By Kevin Chiu
The former chairman of a mortgage corporation, once one of the 25 largest in the U.S. has been convicted by a federal jury in a $2.9-billion fraud scheme that drove Colonial Bank and its lending empire, Taylor, Bean and Whitaker out of business and into bankruptcy. The scheme is believed to be one of the longest and largest single bank frauds in U.S. history.
After a 10-day trial, a federal jury in the Eastern District of Virginia convicted Lee B. Farkas on six counts of bank fraud, one count of conspiracy to commit bank, wire and securities fraud, four counts of wire fraud and three counts of securities fraud. Farkas faces up to more than 150 years in prison for his part in the scheme. The former bank chairman was remanded into custody to await sentencing, scheduled for July 1, 2011.
Farkas was convicted of master-minding a scheme that misappropriated more than $1.4 billion from Colonial Bank’s Mortgage Warehouse Lending Division in Orlando, Florida and approximately $1.5 billion from Ocala Funding, a mortgage lending facility controlled by TBW, according to testimony presented at trial. The money was used to cover the company’s operating expenses, which was losing massive volumes of cash daily as a result of failing mortgages.
“In 2008, Lee Farkas boasted that he ‘could rob a bank with a pencil.’ And he did just that,” said U.S. Attorney Neil MacBride. “His staggering greed led him to steal nearly $3 billion from Colonial Bank and other investors. Farkas’s mammoth fraud contributed to the toppling of a financial institution and the ripple effects were felt from Wall Street to Main Street.”
Six other individuals have pleaded guilty for their roles in the scheme, including: Paul Allen, former chief executive officer of TBW; Raymond Bowman, former president of TBW; Desiree Brown, former treasurer of TBW; Catherine Kissick, former senior vice president of Colonial Bank and head of its Mortgage Warehouse Lending Division; Teresa Kelly, former operations supervisor of the warehousing division; and Sean Ragland, a former senior financial analyst.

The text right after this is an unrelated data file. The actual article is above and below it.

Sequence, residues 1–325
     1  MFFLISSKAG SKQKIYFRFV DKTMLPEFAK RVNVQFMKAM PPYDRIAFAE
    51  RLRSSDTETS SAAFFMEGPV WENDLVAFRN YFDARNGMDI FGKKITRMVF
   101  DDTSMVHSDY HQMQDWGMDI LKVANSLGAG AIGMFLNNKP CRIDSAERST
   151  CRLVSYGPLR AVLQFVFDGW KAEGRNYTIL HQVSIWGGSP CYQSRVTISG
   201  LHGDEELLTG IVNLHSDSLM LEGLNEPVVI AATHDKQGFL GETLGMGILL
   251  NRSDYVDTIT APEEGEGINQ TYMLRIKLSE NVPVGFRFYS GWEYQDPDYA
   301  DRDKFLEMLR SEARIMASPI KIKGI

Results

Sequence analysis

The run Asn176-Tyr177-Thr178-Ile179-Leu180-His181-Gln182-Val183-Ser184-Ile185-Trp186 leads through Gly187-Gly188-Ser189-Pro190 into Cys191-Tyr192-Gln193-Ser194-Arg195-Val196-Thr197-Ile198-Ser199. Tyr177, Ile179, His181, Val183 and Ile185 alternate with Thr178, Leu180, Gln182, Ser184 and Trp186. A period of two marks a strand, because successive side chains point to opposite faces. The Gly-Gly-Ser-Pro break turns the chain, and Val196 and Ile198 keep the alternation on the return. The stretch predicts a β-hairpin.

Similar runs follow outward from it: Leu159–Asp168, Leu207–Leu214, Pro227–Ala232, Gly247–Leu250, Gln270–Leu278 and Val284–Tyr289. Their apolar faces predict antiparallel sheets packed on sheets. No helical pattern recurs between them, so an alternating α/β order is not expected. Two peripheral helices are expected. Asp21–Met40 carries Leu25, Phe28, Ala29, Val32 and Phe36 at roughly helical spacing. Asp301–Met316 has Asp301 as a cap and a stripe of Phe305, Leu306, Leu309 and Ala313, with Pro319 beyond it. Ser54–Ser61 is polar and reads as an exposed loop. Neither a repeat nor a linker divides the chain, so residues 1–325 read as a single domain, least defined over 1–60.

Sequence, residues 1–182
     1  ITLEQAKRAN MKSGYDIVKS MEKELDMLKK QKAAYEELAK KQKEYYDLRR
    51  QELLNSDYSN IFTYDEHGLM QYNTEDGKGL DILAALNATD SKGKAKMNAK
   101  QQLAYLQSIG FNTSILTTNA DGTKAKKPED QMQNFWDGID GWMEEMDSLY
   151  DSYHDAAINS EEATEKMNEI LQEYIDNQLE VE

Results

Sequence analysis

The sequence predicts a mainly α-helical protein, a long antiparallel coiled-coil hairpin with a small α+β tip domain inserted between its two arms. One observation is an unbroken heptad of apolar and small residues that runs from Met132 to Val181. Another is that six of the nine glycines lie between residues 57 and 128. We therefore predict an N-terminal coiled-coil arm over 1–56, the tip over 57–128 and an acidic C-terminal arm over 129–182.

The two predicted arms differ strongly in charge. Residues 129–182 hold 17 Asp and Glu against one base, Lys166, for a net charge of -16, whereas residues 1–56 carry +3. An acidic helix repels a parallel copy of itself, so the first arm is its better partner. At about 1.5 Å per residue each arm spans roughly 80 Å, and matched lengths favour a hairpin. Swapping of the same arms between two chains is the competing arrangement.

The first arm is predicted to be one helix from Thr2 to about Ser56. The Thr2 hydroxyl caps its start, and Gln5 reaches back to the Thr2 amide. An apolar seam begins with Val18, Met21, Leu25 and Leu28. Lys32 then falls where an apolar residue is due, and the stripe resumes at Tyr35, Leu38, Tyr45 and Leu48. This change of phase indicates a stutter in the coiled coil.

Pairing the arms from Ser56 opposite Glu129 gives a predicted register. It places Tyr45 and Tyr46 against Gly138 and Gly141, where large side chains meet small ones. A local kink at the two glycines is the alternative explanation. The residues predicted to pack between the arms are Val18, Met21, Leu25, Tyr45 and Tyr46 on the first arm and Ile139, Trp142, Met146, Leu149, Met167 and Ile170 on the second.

“Lee Farkas, the former chairman of TBW, masterminded one of the largest bank fraud schemes in history,” said U.S. Assistant Attorney General Breuer. “His shockingly brazen scheme poured fuel on the fire of the financial crisis. It not only led to the downfall of TBW, one of the largest private mortgage lending companies in the United States, but also contributed to the failure of one of the country’s largest commercial banks.”
The scheme began in 2002 when bank employees ran overdraft protection on bank checking accounts at Colonial Bank in order to cover cash shortfalls. Employees were instructed to transfer money between accounts to hide the overdrafts, which grew over time to cover up mortgage losses of more than $1.5 billion, including loans that had already been sold to investors as mortgage-backed securities.
The company sold commercial paper to institutional investors, including Deutsche Bank and BNP Paribas Bank. However, Ocala Funding was required to maintain collateral in the form of cash or mortgages at least equal to the value of outstanding commercial paper.
Farkas and his co-conspirators diverted cash from Ocala Funding to TBW to cover its operating losses, creating large deficits in the amount of collateral Ocala Funding held to back the outstanding commercial paper. To hide their actions, employees sent false information to Deutsche Bank, BNP Paribas Bank and other investors leading them to falsely believe they had sufficient collateral backing the commercial paper they had purchased.
When TBW failed in August 2009, the banks were unable to redeem their commercial paper. Farkas and his co-workers also said the bank held $900 million in mortgages on Colonial Bank’s books when the loans had actually already been sold to Freddie Mac and other investors.
Colonial Bank’s holding company applied for $570 million in taxpayer funding through the Troubled Asset Relief Program (TARP). In connection with the application, Colonial submitted financial data and filings that included false information, according to federal authorities that related to mortgage loans and securities held by Colonial.